2019 Malaysia: Formative Evaluation of #ThisAbility Initiative
Sustainable Development Goals: 3, 4
- SDG 3 - Good Health and Well-Being
- SDG 4 - Quality Education
The World Health Organization (WHO) World Report on Disability estimates that globally over 1 billion people are living with disabilities, representing just over 15 per cent of the world’s population. Around one household in every four includes a person with disabilities, which means that over 2 billion people live with the impact of disability on a daily basis. Moreover, the prevalence of disability is growing due to ageing populations and global increases in chronic health conditions and non-communicable diseases.
The lives of children and young people with disabilities in Malaysia, like those with disabilities in many other countries, tend to be disadvantaged compared with their peers without disabilities. While the Government of Malaysia has shown commitment to improving the lives of persons with disabilities, including by ratifying the United Nations Convention on the Rights of Persons with Disabilities (CRPD) in 2010 and through its Disability Act (2008), gaps remain in the implementation of CRPD compliant policies and plans. There is a lack of data on the prevalence of disability among children and young people in Malaysia; their voices and lived experiences remain generally unheard, and the underlying drivers for stigma and discrimination still exist.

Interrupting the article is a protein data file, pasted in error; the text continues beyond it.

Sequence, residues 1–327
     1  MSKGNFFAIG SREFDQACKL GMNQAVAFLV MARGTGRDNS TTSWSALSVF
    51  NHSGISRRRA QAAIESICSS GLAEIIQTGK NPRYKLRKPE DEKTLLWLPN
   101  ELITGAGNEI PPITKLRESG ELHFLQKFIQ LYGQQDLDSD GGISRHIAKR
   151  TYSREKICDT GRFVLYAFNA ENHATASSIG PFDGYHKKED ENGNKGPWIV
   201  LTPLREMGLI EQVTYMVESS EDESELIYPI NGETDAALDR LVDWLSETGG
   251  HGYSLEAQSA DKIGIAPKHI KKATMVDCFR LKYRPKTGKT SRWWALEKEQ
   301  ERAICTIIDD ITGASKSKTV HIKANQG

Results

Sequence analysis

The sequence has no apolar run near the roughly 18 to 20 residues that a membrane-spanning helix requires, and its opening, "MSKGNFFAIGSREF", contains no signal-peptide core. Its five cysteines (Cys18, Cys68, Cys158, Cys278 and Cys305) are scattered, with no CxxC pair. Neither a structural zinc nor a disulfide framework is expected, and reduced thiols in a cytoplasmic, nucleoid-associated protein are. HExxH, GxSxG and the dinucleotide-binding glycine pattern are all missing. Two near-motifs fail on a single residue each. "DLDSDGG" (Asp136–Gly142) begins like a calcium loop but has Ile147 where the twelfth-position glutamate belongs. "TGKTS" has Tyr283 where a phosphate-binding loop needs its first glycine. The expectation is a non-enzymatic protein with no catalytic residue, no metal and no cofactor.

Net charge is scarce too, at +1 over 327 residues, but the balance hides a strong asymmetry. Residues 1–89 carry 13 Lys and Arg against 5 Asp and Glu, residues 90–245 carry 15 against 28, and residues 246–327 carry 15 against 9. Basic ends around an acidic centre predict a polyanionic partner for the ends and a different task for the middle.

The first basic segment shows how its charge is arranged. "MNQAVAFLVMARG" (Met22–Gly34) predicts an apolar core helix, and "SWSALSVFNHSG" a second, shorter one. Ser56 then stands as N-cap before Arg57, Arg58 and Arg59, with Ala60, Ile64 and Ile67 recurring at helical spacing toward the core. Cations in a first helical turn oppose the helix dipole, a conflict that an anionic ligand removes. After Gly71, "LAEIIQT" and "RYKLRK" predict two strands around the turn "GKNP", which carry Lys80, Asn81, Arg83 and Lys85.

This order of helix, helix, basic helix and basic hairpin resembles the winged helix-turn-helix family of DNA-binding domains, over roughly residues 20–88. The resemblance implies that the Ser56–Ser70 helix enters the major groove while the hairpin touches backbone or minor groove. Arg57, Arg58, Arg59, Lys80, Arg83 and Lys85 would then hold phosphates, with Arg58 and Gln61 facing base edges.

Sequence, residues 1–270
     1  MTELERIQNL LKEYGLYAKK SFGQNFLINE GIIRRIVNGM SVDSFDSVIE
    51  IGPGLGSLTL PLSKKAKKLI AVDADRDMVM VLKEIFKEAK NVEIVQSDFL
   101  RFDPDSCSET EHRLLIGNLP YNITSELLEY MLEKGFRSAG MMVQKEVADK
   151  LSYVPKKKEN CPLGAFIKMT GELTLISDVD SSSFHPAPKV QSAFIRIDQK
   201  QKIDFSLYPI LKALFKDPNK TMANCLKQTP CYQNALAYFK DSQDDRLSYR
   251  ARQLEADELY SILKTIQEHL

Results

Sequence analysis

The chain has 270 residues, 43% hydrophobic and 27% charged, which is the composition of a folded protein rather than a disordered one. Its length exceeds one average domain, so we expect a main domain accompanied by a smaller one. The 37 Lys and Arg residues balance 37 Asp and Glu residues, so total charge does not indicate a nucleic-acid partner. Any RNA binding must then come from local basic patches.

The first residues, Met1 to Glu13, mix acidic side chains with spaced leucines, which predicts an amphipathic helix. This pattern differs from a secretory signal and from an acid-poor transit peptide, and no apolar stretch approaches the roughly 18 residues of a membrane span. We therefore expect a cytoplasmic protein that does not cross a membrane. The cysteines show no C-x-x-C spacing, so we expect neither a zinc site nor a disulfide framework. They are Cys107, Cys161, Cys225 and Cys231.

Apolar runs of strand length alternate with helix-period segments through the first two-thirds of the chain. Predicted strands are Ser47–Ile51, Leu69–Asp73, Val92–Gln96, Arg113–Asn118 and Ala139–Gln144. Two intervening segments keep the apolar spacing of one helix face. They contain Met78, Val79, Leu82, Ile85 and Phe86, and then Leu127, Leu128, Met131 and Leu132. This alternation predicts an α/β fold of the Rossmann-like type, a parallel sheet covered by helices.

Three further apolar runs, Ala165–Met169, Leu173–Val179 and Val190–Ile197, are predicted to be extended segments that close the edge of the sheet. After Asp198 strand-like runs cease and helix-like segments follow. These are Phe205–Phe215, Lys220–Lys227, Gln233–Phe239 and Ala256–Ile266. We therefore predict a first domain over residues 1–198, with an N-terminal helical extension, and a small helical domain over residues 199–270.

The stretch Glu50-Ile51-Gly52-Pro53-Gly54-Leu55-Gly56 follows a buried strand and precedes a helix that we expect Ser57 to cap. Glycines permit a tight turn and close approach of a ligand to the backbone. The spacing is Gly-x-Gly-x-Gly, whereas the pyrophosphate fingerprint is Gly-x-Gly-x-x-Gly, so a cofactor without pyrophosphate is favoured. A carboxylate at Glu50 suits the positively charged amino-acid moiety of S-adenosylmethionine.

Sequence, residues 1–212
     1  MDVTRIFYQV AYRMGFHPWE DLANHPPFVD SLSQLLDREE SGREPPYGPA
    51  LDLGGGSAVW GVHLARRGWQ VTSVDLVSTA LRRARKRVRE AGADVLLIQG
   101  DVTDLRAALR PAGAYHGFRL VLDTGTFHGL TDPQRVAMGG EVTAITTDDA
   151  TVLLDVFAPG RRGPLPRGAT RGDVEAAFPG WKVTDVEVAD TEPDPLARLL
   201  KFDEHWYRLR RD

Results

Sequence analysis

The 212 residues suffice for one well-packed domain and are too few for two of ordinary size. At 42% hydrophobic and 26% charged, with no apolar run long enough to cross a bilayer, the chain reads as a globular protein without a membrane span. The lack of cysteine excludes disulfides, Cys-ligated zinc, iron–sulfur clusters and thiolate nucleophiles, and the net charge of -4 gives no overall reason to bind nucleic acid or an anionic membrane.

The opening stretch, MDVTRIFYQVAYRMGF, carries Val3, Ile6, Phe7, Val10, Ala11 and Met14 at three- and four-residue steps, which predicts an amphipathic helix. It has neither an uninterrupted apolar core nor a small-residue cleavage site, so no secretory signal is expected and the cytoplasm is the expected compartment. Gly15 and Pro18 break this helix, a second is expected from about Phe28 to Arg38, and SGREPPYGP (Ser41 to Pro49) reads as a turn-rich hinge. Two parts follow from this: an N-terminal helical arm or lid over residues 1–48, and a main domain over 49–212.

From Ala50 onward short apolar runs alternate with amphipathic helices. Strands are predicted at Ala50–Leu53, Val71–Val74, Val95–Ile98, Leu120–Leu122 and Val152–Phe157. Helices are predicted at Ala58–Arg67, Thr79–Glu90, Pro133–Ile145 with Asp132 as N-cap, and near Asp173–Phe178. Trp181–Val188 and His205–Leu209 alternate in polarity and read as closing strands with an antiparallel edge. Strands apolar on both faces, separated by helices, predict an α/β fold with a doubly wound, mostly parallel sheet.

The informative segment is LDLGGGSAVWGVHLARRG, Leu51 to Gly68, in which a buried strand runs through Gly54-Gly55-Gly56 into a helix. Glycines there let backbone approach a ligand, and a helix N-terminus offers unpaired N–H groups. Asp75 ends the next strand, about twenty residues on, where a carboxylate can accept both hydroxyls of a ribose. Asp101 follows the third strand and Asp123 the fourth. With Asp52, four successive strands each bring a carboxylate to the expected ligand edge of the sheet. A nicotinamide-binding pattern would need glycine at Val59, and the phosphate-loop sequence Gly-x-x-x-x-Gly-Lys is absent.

In 2013, the United Nations Children’s Fund (UNICEF) published a groundbreaking State of the World’s Children report, which focused specifically on children with disabilities. It highlighted the impact that disability can have on children’s life chances, even when their lives may already be difficult. It made a powerful case for demonstrating that children and young people with disabilities are at greater risk of being poor than their peers without disabilities, and they experience their poverty more acutely because of the additional barriers they face living with their impairments.
UNICEF Malaysia began planning its #ThisAbility Flagship Initiative in 2016. The goal was to make positive changes for children with disabilities in Malaysia so that they are free from discrimination and able to access services to support their growth, development and protection. The plan was to run the Flagship Initiative from 2017 to 2020, however, in early 2019, UNICEF Malaysia decided to no longer refer to its work on disability as a ‘flagship’, and committed to mainstreaming disabilityinclusive programming.
This evaluation focused on activities carried out under the #ThisAbility Flagship Initiative between 2017 and 2019. UNICEF Malaysia did not define what a ‘flagship’ is but, by establishing a ‘flagship initiative’, it signalled intent to scale up its focus on disability, with opportunities to establish new partnerships, carry out more focused activities, and learn from the experience of implementing disability initiatives.
UNICEF Malaysia did not define a fixed budget, target number of beneficiaries or geographical coverage for the Initiative. At the time of the evaluation, UNICEF Malaysia did not appear to have plans to scale up or replicate the Initiative or its associated activities, but the activities it delivered will provide valuable learning for future disability-inclusion activities delivered by the Country Programme.